For the crew of the Cape York there was no rest, as the ship laboured to stay afloat, we wearily performed our duties as best we could, night and day, under the physical harassment of this monstrous storm, we were thrown about endlessly, bruised and shocked by violent and ferocious movement, we had to watch and feel the same thing happen to our ship. She pitched, she rolled, she laboured, she met the shock of a breaking wave with a jar that shook her from end to end, she dived shuddering into the deep troughs, shipping tons of water with a noise like a collapsing house, and then rose - when we thought she wouldn’t - with agony to shoulder the mass of water aside, shake herself free, and prepare herself for the next blow. I do not know what the wind velocity reached, I do not know how high the waves were, I do not know the name of the hurricane we went through, it doesn’t matter, I had to see it to believe it. In later years I experienced winds over one hundred miles an hour, several times, but never such mountainous seas, not even in the ‘Roaring Forties’ and not one man aboard admitted to seeing it’s like before.
Eventually we arrived in Surrey Docks in London, we were two weeks late, the ship was listing to starb’d at an angle of thirty degrees, a lot of the deck cargo was missing and great balks of timber was projecting from both sides of the ship, there was structural damage and everywhere was streaked with rust.
I paid off at the Dock Street Shipping Office on the 23rd December with fifty-two pounds fifteen shillings and twopence halfpenny, and went home for Christmas.
THE M.V.SANDALWOOD - tanker
The Sandalwood - The "Perishin" Gulf
After Christmas, I made my way up to Liverpool, booked into the Sailor’s Home, and spent a few days socialising with the natives, - mostly of the female variety, but knowing I would have to ship out soon, I kept a weather eye on the shipping lists at the ‘Pool’. Having had my fill of cold weather, and in way of a change, I thought I’d try shipping out on an oil tanker running to somewhere a bit warmer than I had experienced on my last voyage.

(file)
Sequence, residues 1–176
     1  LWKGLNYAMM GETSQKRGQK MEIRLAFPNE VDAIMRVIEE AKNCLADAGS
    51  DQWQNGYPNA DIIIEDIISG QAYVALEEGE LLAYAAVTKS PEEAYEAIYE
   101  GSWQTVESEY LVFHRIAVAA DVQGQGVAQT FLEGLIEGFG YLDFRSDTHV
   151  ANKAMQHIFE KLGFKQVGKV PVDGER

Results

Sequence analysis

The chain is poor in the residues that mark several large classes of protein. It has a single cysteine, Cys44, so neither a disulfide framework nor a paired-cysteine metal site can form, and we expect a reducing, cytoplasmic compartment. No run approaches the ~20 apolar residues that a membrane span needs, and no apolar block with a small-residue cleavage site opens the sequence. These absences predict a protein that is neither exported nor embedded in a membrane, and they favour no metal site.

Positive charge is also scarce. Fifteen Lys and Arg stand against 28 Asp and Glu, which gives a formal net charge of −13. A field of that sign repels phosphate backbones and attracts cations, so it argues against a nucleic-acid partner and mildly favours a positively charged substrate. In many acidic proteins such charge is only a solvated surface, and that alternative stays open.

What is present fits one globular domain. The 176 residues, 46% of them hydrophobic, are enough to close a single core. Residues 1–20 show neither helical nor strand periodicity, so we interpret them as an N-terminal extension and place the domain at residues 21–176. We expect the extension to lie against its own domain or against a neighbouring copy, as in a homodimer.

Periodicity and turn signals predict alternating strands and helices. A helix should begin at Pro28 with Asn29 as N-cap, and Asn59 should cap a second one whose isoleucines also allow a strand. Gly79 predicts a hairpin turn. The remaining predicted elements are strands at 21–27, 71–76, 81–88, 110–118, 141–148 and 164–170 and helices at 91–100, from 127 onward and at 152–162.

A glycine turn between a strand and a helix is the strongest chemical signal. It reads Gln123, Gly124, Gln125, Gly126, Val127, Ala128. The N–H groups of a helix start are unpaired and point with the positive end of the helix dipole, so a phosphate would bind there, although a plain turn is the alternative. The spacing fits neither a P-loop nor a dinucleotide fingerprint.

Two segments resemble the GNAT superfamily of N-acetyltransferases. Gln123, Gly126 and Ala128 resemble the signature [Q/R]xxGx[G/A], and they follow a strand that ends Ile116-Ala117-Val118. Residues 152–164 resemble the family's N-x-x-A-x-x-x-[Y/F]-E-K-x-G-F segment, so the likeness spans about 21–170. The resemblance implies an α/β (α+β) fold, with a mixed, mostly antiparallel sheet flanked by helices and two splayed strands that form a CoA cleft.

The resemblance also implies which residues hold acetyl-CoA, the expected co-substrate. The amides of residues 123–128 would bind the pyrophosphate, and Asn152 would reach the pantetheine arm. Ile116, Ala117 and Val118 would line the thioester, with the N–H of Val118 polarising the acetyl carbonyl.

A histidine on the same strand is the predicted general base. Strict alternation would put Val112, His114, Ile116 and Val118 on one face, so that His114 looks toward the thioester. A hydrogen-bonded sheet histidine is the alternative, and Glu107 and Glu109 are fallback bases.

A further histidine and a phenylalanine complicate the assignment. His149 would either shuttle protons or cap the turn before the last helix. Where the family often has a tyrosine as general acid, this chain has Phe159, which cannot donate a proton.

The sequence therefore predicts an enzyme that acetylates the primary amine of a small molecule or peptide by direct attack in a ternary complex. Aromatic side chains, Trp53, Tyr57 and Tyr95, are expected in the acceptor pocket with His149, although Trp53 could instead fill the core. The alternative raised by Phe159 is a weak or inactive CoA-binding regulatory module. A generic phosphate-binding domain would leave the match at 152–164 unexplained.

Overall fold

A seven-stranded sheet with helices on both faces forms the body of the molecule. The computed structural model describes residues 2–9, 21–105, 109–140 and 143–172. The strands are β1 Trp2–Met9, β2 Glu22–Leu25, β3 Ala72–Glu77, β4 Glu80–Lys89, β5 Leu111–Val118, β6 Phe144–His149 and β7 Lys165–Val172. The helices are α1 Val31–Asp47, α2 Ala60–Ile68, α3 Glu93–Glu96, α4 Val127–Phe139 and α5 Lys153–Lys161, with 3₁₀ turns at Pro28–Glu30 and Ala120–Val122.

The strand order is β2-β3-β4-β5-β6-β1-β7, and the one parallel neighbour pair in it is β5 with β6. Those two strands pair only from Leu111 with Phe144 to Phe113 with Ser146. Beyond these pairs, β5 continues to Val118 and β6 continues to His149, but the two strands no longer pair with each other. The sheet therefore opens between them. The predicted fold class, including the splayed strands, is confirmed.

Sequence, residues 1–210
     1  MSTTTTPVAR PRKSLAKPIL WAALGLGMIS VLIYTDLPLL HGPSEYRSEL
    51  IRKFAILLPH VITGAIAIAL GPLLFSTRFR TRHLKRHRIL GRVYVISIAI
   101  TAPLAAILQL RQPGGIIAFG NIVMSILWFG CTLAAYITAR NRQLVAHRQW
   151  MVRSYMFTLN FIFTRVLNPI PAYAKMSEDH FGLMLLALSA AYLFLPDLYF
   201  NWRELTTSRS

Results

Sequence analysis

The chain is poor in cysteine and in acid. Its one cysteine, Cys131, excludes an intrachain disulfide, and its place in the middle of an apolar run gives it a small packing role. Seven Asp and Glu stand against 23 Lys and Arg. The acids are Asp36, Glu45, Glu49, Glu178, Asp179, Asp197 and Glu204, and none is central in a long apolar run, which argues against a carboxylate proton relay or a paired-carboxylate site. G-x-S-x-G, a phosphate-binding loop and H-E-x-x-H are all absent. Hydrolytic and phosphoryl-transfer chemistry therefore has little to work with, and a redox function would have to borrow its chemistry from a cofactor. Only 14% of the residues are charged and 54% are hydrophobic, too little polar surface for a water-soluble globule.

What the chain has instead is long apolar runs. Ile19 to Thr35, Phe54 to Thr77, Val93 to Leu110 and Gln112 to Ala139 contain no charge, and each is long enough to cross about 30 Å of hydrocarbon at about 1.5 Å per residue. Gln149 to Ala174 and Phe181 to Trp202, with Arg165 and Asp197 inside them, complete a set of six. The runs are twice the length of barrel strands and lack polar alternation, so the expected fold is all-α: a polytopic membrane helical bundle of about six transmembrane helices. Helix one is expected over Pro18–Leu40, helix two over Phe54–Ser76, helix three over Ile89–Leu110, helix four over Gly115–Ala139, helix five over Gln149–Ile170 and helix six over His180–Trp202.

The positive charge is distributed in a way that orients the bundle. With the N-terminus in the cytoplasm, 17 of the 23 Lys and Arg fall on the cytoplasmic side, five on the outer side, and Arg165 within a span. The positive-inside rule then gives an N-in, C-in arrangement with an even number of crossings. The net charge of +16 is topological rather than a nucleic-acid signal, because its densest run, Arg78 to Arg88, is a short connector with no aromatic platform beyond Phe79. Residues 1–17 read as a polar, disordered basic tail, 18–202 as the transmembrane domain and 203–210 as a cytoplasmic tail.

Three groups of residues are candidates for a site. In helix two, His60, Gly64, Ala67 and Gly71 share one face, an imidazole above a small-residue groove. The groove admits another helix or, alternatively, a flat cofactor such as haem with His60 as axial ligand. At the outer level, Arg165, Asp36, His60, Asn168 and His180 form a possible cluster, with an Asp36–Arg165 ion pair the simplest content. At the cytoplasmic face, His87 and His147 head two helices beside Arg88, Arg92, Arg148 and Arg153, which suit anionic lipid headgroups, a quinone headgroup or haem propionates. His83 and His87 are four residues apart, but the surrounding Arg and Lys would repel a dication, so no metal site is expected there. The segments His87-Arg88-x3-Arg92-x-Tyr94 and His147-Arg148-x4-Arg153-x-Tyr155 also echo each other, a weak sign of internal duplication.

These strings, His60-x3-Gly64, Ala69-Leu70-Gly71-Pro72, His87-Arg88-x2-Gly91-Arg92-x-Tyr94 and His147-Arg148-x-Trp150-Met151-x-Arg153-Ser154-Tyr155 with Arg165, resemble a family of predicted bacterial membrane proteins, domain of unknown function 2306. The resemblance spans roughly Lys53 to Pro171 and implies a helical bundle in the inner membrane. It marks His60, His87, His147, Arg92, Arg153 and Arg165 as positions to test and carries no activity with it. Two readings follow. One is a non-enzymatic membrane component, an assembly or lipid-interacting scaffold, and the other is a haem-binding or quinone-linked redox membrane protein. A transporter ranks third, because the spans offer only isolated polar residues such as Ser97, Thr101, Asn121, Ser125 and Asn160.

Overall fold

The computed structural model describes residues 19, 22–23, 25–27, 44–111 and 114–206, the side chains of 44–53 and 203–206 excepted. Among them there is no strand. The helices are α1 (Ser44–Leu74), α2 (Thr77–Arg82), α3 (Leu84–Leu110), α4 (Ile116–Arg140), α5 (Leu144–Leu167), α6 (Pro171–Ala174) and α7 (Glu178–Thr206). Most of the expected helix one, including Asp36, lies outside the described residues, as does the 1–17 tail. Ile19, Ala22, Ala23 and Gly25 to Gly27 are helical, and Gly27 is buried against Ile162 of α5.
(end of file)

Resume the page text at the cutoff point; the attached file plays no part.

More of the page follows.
On the 7th January 1959, I signed on the M.V. Sandalwood, a tanker of about 10,000 tons belonging to John I. Jacobs of London. A bunch of us signed Articles in the Shipping Office. (Apparently one had to be a bit careful when signing on at the Shipping Office without first sighting the ship, the story goes that a ship called the "Baron Geddes" - a notoriously unpopular vessel for reasons that are many and varied, could never get a crew, however a crafty ‘Pool’ Official after having a pint or two with a crew of worthies duped them into signing on the "Barrongeddes". We then we piled into the bus provided and let it take us up to Heysham to await the ship’s arrival. While we were waiting we made each others acquaintance in a pub called the Strawberry Inn Hotel, not far from the dock gates.
We knew each other quite well by the time we were notified that the Sandalwood had arrived, we piled our gear onto a British Railways trolley - one of those things that was powered by pushing the handles up and down like a see-saw - and careered off to the end of a very long jetty where we could just about see the ship through a heavy snowstorm. She discharged overnight, I took up my position as Junior Ordinary Seaman, allotted to work on the twelve to four watch, sailed, and headed south for warmer climes. We were going to load a cargo in Caracus which is in Venezuela, what we didn’t know then, was that the cargo was destined for Birkenhead, across the Mersey from Liverpool.
We arrived there on the 9th February. Although we had signed on for twelve months, there was a clause which allowed us to be ‘paid off’ upon returning to a UK port, as the Articles would be closed and new ones opened. The food was dire on this ship, there was no air-conditioning and she was rife with cockroaches, however, as I had only been aboard about four weeks and not yet accumulated much in the way of wages, and when I heard she was sailing to the Persian Gulf for her next cargo, - with a change of Cook, I thought it prudent to remain on board for the next voyage. I would also soon have my sea time in for promotion and a slight rise in pay.